Objectives: To assess the effects of neighbourhood level socioeconomic status (SES) and convenience store concentration on individual level smoking, after consideration of individual level characteristics.
Design: Individual sociodemographic characteristics and smoking were obtained from five cross sectional surveys (1979–1990). Participants’ addresses were geocoded and linked with census data for measuring neighbourhood SES and with telephone yellow page listings for measuring convenience store concentration (density in a neighbourhood, distance between a participant’s home and the nearest convenience store, and number of convenience stores within a one mile radius of a participant’s home). The data were analysed with multilevel Poisson regression models.
Setting: 82 neighbourhoods in four northern California cities.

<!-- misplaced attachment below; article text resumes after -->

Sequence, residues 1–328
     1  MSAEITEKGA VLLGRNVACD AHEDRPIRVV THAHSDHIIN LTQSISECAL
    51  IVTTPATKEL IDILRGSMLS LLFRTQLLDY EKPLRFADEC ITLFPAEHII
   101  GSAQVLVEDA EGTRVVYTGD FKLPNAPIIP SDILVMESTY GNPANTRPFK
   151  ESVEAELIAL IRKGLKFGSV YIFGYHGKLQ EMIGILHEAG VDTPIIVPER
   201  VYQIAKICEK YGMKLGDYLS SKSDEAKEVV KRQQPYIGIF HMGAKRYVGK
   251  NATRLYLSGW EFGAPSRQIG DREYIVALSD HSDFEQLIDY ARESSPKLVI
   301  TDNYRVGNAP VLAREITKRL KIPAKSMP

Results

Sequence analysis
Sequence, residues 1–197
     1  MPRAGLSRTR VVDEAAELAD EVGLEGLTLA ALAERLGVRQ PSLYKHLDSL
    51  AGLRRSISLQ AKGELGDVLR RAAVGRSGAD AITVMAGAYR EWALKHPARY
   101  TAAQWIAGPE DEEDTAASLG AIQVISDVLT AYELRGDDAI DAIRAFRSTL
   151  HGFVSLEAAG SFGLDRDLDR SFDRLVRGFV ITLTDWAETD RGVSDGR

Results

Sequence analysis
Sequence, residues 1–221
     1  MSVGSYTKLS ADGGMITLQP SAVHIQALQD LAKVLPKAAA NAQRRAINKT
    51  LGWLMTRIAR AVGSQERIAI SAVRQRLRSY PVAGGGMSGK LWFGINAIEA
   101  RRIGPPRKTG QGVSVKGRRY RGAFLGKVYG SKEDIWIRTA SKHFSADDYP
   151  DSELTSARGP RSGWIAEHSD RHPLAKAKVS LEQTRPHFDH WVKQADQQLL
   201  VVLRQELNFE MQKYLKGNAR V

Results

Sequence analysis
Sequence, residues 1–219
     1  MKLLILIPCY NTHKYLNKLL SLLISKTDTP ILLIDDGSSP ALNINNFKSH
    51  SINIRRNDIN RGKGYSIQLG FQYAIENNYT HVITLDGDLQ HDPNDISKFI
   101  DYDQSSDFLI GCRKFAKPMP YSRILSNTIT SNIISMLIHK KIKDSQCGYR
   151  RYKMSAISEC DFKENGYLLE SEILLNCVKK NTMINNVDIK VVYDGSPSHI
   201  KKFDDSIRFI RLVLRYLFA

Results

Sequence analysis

Participants: 8121 women and men aged 25–74 from the Stanford heart disease prevention programme.
Main results: Lower neighbourhood SES and higher convenience store concentration, measured by density and distance, were both significantly associated with higher level of individual smoking after taking individual characteristics into account. The association between convenience store density and individual smoking was modified by individual SES and neighbourhood SES.
Conclusions: These findings are consistent with a growing body of literature suggesting that the socioeconomic and physical environments of neighbourhoods are associated with individual level smoking.
- neighbourhood characteristics
- socioeconomic factors
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Funding: this work was co-funded by the National Institute of Environmental Health Sciences and the National Heart, Lung, and Blood Institute, USA: grant RO1 HL67731 to Dr Winkleby.
Conflicts of interest: none declared.
Ethics approval: all research was approved by the ethics committee at Stanford University, School of Medicine and conforms to the principles of the Declaration of Helsinki.
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